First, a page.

Engrained cultural patterns
How is it that the Netherlands was - and still is - so far behind? After the war, Bussemaker explained in the Academy Building, a woman as full-time housewife and mother was the ideal throughout Europe. 'But the Netherlands was the only country where that was a success and that was because of the high breadwinner salaries and the country's economic prosperity.' Women didn't need to work and their husbands were proud that that was the case. The pillarisation of Dutch society meant that these cultural patterns became engrained and were difficult to break down, and they still are. Women work part time, it's generally mothers who are called by the creche if a child is sick, it's only unnatural mothers who take their children to the creche more than two days a week, etc. Bussemaker: ‘That's why politicians have never dared to opt for provisions that bring work and care into balance. Just look at the swings in childcare and the lack of social insurances for home helps. If those helpers were men, that would never have been allowed.' Currently, around half the women in the Netherlands are not economically independent; among lower-educated women, that figure is 73%.
The benefits of economic independence
‘What I have learned is that it's important to stress the benefits of economic independence,' Bussemaker said. 'The opportunities it offers, and the control over your own life that it brings you. Women have to help and support one another. Off with the Old Boys' Network and on with a Great Girls' Network.'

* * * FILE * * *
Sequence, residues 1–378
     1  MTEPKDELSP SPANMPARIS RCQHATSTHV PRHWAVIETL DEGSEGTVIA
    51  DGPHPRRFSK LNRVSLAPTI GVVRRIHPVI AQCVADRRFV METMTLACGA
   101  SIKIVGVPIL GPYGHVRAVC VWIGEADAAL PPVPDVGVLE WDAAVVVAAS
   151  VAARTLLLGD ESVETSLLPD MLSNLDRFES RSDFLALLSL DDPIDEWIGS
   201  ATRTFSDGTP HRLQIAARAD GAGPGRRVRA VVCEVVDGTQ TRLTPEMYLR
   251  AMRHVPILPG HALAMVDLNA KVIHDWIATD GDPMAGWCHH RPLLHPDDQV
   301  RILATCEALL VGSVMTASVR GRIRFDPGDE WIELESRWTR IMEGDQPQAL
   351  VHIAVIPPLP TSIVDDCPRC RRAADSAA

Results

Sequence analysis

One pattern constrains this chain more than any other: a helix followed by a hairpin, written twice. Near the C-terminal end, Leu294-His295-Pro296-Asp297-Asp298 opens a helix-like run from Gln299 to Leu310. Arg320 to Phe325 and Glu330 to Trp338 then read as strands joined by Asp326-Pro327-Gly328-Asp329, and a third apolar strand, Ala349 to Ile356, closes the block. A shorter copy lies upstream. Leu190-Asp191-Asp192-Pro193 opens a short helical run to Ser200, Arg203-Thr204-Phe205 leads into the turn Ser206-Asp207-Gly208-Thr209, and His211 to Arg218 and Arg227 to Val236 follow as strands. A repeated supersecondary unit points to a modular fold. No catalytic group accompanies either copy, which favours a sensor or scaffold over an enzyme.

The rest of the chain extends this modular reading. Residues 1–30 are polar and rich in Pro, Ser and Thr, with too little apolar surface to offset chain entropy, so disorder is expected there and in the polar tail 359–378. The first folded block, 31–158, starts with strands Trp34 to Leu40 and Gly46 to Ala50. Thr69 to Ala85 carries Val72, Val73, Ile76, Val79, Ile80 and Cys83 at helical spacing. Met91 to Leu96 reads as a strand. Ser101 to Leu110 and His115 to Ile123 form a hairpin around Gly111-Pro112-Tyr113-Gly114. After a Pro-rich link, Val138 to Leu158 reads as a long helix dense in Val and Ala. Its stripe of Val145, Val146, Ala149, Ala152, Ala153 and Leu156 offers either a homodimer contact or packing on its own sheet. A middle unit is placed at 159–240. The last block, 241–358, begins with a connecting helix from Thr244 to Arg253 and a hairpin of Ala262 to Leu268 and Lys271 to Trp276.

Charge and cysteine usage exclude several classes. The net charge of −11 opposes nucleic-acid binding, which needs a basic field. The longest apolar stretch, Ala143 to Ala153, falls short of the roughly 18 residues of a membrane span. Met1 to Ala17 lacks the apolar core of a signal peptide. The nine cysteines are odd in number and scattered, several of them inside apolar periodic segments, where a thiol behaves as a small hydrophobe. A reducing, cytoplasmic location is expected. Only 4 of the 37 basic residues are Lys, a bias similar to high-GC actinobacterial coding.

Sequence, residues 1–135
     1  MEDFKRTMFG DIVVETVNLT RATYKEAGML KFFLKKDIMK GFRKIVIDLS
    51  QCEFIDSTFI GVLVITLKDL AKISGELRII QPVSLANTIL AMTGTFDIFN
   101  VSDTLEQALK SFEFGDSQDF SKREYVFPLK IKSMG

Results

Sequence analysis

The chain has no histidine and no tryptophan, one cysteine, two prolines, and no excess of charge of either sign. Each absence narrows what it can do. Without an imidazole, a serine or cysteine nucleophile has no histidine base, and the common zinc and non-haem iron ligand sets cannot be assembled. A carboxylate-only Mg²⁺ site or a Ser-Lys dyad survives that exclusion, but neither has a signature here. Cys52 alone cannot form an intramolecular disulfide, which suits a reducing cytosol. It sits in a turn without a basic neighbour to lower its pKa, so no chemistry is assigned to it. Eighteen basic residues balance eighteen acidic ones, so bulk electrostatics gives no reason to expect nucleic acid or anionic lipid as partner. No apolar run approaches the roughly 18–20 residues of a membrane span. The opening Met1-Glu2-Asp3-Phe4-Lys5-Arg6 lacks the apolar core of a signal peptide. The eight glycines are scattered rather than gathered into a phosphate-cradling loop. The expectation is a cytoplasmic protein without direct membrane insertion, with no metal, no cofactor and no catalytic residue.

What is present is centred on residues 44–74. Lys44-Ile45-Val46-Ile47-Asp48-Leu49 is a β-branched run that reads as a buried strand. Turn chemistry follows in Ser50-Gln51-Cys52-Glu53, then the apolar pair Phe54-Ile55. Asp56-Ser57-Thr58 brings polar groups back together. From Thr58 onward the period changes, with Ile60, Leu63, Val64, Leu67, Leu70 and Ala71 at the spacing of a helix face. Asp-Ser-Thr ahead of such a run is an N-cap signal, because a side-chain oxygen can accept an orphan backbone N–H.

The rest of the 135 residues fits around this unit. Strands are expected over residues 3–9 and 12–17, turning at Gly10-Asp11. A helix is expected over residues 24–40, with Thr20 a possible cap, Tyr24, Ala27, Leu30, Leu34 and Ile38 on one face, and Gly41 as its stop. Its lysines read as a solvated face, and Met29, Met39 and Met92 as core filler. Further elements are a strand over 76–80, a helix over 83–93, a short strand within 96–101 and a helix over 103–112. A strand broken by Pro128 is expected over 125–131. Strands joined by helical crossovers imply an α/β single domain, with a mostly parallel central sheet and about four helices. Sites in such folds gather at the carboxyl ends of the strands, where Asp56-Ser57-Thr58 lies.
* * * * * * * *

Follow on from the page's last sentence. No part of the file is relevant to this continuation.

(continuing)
Lamyae Aharouay: a lot of facts and a lot of humour
Journalist Lamyae Aharouay responded to Bussemaker's lecture with a lot of facts and a lot of humour. Both women shared one particular experience: both their mothers went out to work at a later age, encourged by their children. Aharouay's mother even studied to become a social-educational worker; Bussemaker's mother was already a medical analyst. Aharouay told the audience that many women start off straight away in part-time work, even if they have no children. There may be a link in the sectors in which women work, namely care and education. These sectors offer a lot of part-time jobs. 'But it's a chicken-and-egg situation,' Aharouay believes. Because is it a case of work being broken into part-time jobs, because people think women want that, or was the work already part time?
Having children holds women back
Aharouay is a journalist and presenter of a weekly podcast (by national newspaper NRC on issues in The Hague) about politics. She is also a columnist for the NRC; she writes on political and social issues.
Aharouay also commented that among the under 25s women earn more than men, but that within five years men have closed the gap and after that their salaries are much higher. Some of the difference - about 25% - is due to the effects of childbearing, and that discrepancy is never fully compensated. Is the answer not to have children, then?.
- The complete lecture by Jet Bussemaker
- The complete paper by Lamaye Aharouay
- Read more aboutJet Bussemaker and Lamyae Aharouay
- Also see the article 'The story behind the women's portraits' about the fourteen new paintings of female professors in the Senate Chamber.
(CH/photos: Monique Shaw)